Babydoll

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She had known men
and the language of them

She had heard all of their words
and felt them grip her beneath tables

Perhaps the way she smiled a lot
or touched her hair, or
even what she’d wear,
would bring it on

This is not a mating song.

When she was nine
a neighbour told her parents
that she’d soon be in her prime –
he winked and
they had laughed

In upper school she’d
doodled secret hearts
for boys that hung about in parks
in packs, ’til one called her
His Missus – for that
he’d taken more than kisses

Hot cola breath and
both hands on – that week,
a few diary entry misses

A decade after that
one had pushed her knees apart
in a bar, as she sat:
she’d said she wanted an early night –
she liked a lager
but had to get home to bed
and to feed her cat

Tell you what you need
instead of all that
he’d said
and then he told her

Now she was older

The sun of her youth had set
but still they’d come
and leave her wondering
what about her
made them feel so strong

This is not a love song.

Tonight she’ll find
some way to keep her back
from the wall –
her voice is gone and
this is not a song at all.

 

 

Music To Cook To

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He had made her a CD. Initially, he thought about making a tape, providing a useful segue into discussions about old sound systems, a topic about which he knew a lot. He imagined how this vintage gesture might be charming, and give way to his being able to tell her things she might not already know, like how hi-fi is an actually an abbreviation of high fidelity, or how to tighten the belt inside a record player. He thought she might like that. She seemed to like learning.

He recalled, on more than one occasion, her having mentioned almost winning the pub quiz at her local, and she had seemed interested in telling him some of the answers she hadn’t known. Did you know that? She had asked. Sometimes he had, but he never let on.

Continue reading “Music To Cook To”

Something

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I’ve got a drawer full of shoehorns
from all the crackers,
from all the Christmases,
since I was ten.

Sometimes, I take them all out
and line them up from
one end of the living room carpet
to the other.

In order of year, I start with the
burned red cedar of ’91,
when Dad took us out
to see Grandma,

and end this strange lineage of mine
with the neon green plastic
of last year, when I took us out
to see Dad.

Tonight I will open the drawer,
and lay out this ribcage
of memory, just once more
upon the floor.

 

 

 

 

Architecture

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I know the shape of your face
so well, I could trace it onto

the arm of the sofa
the loose flour you left on the counter
the leg of my good jeans

I see the lines of you
and the directions they run

The frame that holds you –
an original

These contours cut
into my line of vision
when you aren’t around
to look at

At Work

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He knows what’s there
before it is

A seer

Not brushes but hands
and fingers

Each colour speaks –
a language he can read aloud

He moves shape together
and shifts something
as intangible as cloud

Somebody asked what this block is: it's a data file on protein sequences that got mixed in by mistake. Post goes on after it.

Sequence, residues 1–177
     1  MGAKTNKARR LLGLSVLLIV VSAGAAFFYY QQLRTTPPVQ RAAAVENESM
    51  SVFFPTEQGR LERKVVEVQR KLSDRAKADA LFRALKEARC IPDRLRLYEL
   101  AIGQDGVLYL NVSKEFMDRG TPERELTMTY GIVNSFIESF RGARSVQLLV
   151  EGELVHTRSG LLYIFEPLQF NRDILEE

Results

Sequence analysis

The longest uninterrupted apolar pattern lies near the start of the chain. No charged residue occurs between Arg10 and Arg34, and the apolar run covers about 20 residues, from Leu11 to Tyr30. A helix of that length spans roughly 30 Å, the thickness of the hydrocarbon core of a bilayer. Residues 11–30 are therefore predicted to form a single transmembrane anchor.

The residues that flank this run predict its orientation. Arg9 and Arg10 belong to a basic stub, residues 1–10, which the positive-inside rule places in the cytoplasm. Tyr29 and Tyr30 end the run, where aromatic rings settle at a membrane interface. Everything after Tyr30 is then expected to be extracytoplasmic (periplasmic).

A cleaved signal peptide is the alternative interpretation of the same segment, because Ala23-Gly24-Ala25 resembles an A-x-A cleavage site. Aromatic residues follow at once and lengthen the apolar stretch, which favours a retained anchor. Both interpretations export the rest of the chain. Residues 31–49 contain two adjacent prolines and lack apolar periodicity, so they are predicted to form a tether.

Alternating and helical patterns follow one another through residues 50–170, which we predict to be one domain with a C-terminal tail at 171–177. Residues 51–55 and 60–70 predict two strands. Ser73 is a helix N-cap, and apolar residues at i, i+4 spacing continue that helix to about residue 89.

It is mercurial –
abstruse, like time,
both deliberate and imprecise
at once

When he is finished, he
stands back – peels himself
away from the canvas

Beer spills
from the neck of
his clutched bottle and
beads down his fingers,
warm by the time it
reaches his wrist

The tongue races to catch it,
tasting only its colour

On the fridge door,
a rogue fingerprint

of yellow.

 

 

 

 

 

 

 

Hit and Run

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I killed a fox, last week. I hadn’t meant to, only, once it had begun to drag its one rank hind leg from under the dogwood and across the lane, I was already going at around forty or fifty, and I just didn’t see it. Jack did, even from the back seat, and, just prior to the moment of impact, I heard a soft ‘fff’ noise come from his mouth, as the full horror of the impending collision was laid bare to him.

I’d picked him up from school only an hour or so after I’d checked out of the clinic. He had been reading one of the books we bought him for Christmas: the hardback annuals full of facts and trivia and records, of men with eyeballs that pop out of their skulls, and women with nails like beige coils of measuring tape. He’d been trying to show me something, in the car.

As we stopped to get out and check the now mutilated orange carcass spread across the road, it occurred to me that I might have missed my chance to swerve because I’d been looking at Jack in the mirror.

Continue reading “Hit and Run”

Andromeda

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I dreamed you
came to me
and wanted to tattoo the night sky
on my body

Starting small, you
cut into me
and marked the constellations
across my skin

Pegasus on my pinkie
Cassiopeia on my collarbone
Lyra on my lip
Hydra on my heart

After that, you
swept across me –
mapped the nebulae until
I was full

Bored suddenly, you
peered over me
hid your inks and left
the open wounds

unfinished and incomplete:
a partial galaxy

 

Nightmare

Vocalion 4306 B LabelNightmare, by Artie Shaw and his Orchestra.
(https://www.youtube.com/watch?v=-W59FzOwYIs)

The sound is smoky and
close. The trudge comes:
a march through honey.

I can feel my rusty heart
align itself to the heavy
thunderous pulse, as

the scorched pitch of the
trumpets wheeze out their
melodies with dry throats.

From nowhere, a narrow
squealing clarinet pours up
and down the stave, like oil.

Your kind of jazz beats me
over the head and shoves its
fingers into my open throat.